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article imageA Bigger Belly Contributes To Dementia, According To Recent Study

By Nikki Weingartner     Mar 27, 2008 in Health
Having an excess middle in your 40s may increase your risk of dementia by close to 90 per cent, according to an Oakland study. Study findings were reported in Wednesday's online issue of Neurology.
People have often been categorized into shapes, such as “pear” or “apple." Researchers have found evidence that apple-shaped individuals are at greater risk of developing dementia-related diseases such as Alzheimer’s in addition to health problems such as diabetes, heart disease and strokes.
This study is significant because individuals who are not overweight are at risk.
Over six-thousand men and women between the ages of 40 and 45 participated in the study. Their belly size was measured during an initial checkup, which took place between 1964 and 1973.
For study purposes, a distance of 10 inches or more between the subjects back and the surface of their upper abdomen was considered excessive.
A follow-up of records was performed on the subjects when they were between the ages of 73 to 87 to see who, if any, had developed Alzheimer’s disease or another form of dementia.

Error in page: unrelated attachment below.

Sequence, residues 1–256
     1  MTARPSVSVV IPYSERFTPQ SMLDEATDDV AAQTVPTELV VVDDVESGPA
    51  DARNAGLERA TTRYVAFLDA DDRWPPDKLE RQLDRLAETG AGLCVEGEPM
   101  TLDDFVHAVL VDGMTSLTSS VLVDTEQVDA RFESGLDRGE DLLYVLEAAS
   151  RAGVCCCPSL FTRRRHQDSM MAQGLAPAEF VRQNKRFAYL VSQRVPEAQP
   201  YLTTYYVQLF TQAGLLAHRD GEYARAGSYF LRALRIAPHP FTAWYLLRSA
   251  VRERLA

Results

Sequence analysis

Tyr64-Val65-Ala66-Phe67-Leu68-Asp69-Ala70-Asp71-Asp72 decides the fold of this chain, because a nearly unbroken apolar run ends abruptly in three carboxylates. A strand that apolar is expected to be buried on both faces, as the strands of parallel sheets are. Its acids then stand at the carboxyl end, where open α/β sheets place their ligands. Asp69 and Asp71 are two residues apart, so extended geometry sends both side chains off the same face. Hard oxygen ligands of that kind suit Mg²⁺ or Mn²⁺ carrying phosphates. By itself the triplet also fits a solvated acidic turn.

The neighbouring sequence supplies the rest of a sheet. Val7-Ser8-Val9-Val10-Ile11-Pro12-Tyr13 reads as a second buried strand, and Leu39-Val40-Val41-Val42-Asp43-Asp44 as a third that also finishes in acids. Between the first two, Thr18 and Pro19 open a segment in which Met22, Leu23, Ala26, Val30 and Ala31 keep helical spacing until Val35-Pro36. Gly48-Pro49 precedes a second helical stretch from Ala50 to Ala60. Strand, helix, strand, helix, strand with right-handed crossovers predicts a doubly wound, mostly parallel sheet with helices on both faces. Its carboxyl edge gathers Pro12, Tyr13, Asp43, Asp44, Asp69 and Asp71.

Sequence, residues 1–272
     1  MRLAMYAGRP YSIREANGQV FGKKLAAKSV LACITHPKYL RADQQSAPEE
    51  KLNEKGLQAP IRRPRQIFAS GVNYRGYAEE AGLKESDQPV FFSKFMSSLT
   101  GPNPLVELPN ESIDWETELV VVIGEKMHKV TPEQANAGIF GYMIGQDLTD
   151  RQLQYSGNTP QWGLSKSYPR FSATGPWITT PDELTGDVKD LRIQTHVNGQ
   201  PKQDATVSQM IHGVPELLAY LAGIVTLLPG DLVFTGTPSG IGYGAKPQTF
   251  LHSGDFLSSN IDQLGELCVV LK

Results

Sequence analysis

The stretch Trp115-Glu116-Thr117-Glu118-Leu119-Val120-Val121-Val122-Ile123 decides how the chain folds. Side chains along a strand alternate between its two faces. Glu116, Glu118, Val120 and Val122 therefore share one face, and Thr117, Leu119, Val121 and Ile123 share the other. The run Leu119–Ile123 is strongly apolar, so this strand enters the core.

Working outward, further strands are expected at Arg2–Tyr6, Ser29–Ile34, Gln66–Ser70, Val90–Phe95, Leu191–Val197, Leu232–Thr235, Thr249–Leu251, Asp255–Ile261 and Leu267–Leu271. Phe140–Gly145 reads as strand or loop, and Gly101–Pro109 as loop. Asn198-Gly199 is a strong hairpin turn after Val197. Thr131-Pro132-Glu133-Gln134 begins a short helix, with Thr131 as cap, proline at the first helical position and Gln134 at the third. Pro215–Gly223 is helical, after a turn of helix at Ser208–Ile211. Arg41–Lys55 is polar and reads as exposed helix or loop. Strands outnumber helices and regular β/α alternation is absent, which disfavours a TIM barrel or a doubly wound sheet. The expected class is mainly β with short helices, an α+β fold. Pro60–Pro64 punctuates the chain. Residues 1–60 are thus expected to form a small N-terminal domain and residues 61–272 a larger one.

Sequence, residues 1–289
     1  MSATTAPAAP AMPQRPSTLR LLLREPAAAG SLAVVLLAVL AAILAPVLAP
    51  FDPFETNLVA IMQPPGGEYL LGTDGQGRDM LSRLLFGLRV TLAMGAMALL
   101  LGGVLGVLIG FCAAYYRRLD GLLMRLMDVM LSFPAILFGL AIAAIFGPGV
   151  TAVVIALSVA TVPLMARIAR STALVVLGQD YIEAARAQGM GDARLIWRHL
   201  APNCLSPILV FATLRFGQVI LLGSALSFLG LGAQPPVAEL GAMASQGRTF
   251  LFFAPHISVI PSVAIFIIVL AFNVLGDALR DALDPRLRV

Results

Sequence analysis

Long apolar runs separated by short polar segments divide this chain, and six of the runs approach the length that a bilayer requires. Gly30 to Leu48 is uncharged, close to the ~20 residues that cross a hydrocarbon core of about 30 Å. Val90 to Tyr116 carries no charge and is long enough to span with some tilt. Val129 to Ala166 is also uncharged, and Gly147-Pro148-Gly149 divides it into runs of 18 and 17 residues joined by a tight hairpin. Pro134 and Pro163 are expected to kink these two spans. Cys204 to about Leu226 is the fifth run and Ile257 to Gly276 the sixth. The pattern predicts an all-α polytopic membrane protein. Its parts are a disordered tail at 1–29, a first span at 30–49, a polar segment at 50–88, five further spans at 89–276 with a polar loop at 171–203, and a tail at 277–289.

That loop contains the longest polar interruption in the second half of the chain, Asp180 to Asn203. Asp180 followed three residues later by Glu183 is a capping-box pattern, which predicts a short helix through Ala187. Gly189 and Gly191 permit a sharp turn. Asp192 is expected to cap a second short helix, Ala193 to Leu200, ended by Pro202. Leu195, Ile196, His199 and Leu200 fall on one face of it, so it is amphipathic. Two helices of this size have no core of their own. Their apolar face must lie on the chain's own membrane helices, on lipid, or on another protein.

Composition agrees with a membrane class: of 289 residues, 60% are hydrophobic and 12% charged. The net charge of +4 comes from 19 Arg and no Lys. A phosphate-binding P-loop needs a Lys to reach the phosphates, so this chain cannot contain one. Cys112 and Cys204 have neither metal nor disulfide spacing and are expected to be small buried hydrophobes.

Over one-thousand cases of dementia were found.
Study results found:
• Participants with normal body weight and high belly measurements were 89 percent more likely to have dementia.
• Overweight people were 82 percent more likely if they had a low belly measurement, but more than twice as likely if they had a high belly measurement.
• Obese people were 81 percent more likely if they had a low belly measurement, but more than three times as likely if they had a high measurement.
These findings were published on Wednesday, March 26, 2008 in the online issue of the Journal Neurology by study author by Rachel Whitmer of Kaiser Permanente's Research Division.
Study skeptics caution making a direct connection to belly fat and dementia but state the results are “highly plausible”, according to Dr. Jose Luchsinger of the Columbia University Medical Center in New York who studies the Alzheimer’s link to obesity.
The results of this new study seem to fit with previous scientific findings that correlate an individuals middle age lifestyle to dementia.
It seems that whether or not one is at a HEALTHY weight, a big belly during middle-age may have a greater impact than originally believed.
General information about dementia from Mayo Clinic.
More about Dementia, Study, Belly
 
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